They Were Elected Into Power, But What Can USG Officers Do?



Former presidential candidate Austin Tong proposed major changes to USG, and voters questioned the likelihood of their plausibility.


Every spring semester, Lincoln Center students elect new members of United Student Government (USG) who promise to deliver on their visions for the campus. Newly elected members will be inaugurated officially in October 2019 but, until then, they will strategize on how to carry out their campaign platforms while abiding by USG’s constitution.

President-elect Tina Thermadam, Fordham College at Lincoln Center (FCLC) ’20, and Vice President-elect Robert Stryczek, Gabelli School of Business (GSB) ’21, will lead USG during the 2019-20 academic year.

In conjunction with the Senate, the Executive Board strives to foster a sense of school spirit within the Fordham community, all while serving as a link between students, faculty and staff. Their main duty is to serve all undergraduate students at Fordham Lincoln Center.

The race kept Fordham students on the edges of their seats. The two presidential candidates fought for their perceptions of what USG should look like.

As part of her campaign, Thermadam promised she would encourage campus unity, community and growth, while sticking to the “status quo.” Improving club retention and changing the guest pass policy to allow for overnight visitors of the opposite sex in the dorms are among her proposed policies.

Austin Tong, GSB ’21, had a different approach. His “Great Rejuvenation of Fordham University” campaign led students to question whether his policies were even plausible.

Tong, who resigned from USG as vice president of Operations in November of 2018 amid internal disputes, hoped to completely transform USG: all positions, beside President and Vice President, would have been nominated by the President, with the goal of increasing efficiency, according to his platform.

However, Tong’s slogan, “Serve the People,” raised concerns among students. It echoed Chinese dictator Mao Zedong’s goal, first expressed in 1944.

Sarah Deng, FCLC ’20, said she was “triggered” and “concerned” upon reading Tong’s slogan. “It makes me think he admires how the Chinese Communist Party governed China.” She also attended the USG debate on March 29, hoping to hear more about both candidates’ ideas in person. Deng said, “though I actually agreed with some of his points, what he looks up to does not correspond to what I consider the value of Lincoln Center is.”

Jay Sheldon, FCLC ’20, was also alarmed by Tong’s slogan. “The comparison to a genocidal regime is disgusting and disappointing,” they said, referring to The Great Leap Forward. “Even jokingly, it makes people think that it’s acceptable to make jokes and comments making light of genocide.”

Candidates have freedom to campaign how they want, according to Dean of Students Keith Eldredge. “As long as their behaviors stay within the bounds of the student conduct system,” he said, “we would want to give students the opportunity to fully express themselves.”

Eldredge said that USG is most influential when members are united, sharing responsibilities and convictions. Though presidential candidates often run on their individual dreams for Fordham, they are almost always unable to implement them on their own.

For USG to change anything on campus, it “generally involves dialogue, conversation and persuasion,” Eldredge said. Historically, those steps have taken months or even years.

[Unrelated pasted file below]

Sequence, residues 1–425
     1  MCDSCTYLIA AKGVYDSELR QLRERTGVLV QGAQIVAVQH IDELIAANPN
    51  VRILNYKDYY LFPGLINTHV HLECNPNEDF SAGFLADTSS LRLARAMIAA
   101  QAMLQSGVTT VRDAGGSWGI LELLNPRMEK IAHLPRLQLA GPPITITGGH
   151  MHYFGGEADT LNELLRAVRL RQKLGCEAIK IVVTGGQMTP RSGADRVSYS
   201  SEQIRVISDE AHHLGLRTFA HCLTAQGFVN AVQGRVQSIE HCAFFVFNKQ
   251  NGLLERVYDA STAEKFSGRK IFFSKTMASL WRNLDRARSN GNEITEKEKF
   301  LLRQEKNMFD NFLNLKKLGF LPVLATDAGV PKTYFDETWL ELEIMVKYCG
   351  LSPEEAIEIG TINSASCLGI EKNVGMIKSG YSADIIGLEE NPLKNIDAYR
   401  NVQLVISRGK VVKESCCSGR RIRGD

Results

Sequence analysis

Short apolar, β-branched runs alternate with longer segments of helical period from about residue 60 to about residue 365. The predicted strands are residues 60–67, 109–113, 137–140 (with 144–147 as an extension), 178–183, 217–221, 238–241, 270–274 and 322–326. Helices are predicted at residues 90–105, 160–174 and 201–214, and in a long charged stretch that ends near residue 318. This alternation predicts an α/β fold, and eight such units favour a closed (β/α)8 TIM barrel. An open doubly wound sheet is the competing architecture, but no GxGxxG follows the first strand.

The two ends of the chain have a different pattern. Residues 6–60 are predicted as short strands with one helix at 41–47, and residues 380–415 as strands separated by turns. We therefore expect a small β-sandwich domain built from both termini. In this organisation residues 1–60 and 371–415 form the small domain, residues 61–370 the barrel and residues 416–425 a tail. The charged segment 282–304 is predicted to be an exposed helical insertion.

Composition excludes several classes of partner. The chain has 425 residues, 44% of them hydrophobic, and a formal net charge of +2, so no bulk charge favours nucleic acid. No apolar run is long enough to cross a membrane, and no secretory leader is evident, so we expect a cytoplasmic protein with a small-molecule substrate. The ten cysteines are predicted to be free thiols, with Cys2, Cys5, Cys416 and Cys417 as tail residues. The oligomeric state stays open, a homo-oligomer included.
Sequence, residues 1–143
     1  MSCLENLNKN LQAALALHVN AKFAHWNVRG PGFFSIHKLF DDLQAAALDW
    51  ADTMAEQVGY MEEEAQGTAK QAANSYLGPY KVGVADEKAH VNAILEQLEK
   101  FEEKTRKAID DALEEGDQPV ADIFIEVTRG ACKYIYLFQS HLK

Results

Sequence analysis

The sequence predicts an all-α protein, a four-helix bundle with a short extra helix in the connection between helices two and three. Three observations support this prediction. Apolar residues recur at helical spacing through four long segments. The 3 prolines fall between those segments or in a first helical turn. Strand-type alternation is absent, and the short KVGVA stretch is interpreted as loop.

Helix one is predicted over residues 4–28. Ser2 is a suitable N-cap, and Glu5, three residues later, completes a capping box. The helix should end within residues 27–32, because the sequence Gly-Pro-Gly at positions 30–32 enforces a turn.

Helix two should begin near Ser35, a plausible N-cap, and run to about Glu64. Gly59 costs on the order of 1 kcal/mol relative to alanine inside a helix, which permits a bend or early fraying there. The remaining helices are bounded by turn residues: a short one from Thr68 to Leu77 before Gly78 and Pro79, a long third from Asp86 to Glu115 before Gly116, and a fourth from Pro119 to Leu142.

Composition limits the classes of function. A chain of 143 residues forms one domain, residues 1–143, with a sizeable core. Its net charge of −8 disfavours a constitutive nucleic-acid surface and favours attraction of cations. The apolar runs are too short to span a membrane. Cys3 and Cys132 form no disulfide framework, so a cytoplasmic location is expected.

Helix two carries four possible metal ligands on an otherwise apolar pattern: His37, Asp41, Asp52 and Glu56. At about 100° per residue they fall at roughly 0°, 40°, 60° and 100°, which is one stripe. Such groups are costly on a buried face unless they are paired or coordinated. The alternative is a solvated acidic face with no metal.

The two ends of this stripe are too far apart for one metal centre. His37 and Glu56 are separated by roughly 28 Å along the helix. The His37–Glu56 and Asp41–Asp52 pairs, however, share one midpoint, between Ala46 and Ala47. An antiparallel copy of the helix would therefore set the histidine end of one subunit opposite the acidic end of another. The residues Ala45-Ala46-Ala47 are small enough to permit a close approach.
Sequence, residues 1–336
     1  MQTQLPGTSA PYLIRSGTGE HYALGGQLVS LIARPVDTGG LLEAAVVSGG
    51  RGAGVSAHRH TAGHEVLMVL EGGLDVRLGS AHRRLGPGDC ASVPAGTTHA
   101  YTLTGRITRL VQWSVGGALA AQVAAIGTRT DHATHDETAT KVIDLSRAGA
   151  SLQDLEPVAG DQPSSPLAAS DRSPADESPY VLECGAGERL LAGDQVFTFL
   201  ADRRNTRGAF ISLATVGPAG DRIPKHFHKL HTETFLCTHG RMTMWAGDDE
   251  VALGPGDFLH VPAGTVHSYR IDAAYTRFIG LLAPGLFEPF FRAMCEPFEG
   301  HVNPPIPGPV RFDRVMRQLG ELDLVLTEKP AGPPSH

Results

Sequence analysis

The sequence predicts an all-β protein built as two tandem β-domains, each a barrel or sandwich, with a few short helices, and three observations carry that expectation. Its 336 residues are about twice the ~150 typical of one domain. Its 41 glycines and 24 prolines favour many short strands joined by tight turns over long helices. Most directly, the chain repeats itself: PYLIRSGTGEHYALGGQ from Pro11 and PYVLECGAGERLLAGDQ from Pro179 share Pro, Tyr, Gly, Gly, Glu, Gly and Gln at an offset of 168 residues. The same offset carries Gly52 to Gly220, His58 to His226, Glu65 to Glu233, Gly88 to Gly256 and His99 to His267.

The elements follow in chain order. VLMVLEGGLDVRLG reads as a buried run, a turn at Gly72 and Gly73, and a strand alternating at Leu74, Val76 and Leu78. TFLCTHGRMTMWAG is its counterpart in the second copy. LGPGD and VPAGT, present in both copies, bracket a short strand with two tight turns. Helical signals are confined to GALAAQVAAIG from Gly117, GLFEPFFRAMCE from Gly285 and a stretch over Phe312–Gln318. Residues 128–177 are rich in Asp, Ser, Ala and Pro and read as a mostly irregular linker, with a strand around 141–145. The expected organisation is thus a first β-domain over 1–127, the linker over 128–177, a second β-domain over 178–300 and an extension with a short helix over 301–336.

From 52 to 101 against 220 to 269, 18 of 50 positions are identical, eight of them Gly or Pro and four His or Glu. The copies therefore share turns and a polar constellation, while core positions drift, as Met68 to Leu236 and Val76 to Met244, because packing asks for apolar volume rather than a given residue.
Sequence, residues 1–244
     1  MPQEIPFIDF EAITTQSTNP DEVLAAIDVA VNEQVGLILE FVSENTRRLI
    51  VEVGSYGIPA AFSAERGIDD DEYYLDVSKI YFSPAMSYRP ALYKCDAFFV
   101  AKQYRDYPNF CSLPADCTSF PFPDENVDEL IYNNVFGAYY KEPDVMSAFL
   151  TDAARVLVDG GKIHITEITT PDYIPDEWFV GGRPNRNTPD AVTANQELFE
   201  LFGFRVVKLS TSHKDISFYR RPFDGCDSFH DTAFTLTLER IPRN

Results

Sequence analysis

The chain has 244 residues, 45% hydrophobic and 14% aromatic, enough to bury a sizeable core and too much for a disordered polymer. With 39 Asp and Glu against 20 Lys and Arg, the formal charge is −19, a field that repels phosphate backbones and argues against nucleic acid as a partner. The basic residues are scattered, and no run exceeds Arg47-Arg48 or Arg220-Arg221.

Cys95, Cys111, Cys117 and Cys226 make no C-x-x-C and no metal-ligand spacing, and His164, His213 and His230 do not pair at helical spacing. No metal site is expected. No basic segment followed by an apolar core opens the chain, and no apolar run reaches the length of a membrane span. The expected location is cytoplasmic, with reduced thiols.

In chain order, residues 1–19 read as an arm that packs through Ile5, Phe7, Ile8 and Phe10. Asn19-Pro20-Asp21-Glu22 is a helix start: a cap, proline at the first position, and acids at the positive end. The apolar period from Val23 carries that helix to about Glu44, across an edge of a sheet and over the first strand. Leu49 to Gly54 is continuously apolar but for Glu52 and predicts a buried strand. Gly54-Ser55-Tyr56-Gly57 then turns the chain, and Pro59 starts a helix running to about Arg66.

Over the past few years, USG’s work has allowed for several changes on campus that addressed student needs. Extended library hours during midterm and finals season are among them. Installing Amazon lockers to reduce the long lines by the mailroom is the fruit of USG’s collaboration with its Facilities Committee.

Dorothy Wenzel became USG’s advisor in 2006. In that position, Wenzel said “there are plenty of initiatives that USG has worked on that have been successful at Fordham.”

One of the successful USG operations was Fordham Fridays, an initiative that rewards students with a free slice of pizza for wearing maroon. They launched the weekly event in efforts to boost school spirit.

In addition, without USG, only select last-year students would be recognized during Senior Leadership Awards. USG therefore decided to organize the Undergraduate Appreciation Awards, also known as the UNDYs, in order to celebrate students’ contributions, from each class year, to the university community. Awards range from “Most Fordham Spirit” to “Best Performing Artist.”

Organized by USG, the annual Christmas Tree Lighting has welcomed the holiday season on the Outdoor Plaza since 2004. This year’s lighting, spearheaded by elected chair of student affairs Loreen Ruiz, FCLC ’21, saw the highest turnout in Fordham’s history. Ruiz confirmed an estimate of 500 attended, a 100 person increase from last year.

USG also oversees the formation and approval of all student clubs. Currently, there are 56 organizations operating at Fordham Lincoln Center, whereas at the beginning of her tenure, Wenzel said, there were about 28 clubs. “The fact that we’ve grown so much wouldn’t have happened without the student government navigating that process,” Wenzel said.

Wenzel recommends that new USG members begin planning for the next academic year now, in terms of priorities. They will have to reflect on whether they fill the shoes of the USG before them and maintain their agenda, or work on developing their own new initiatives.

“I’m very looking forward to see what they’ll bring to the table,” Deng said. “I hope the new USG can bring to Fordham a stronger sense of community, and bring resources that will support students more.”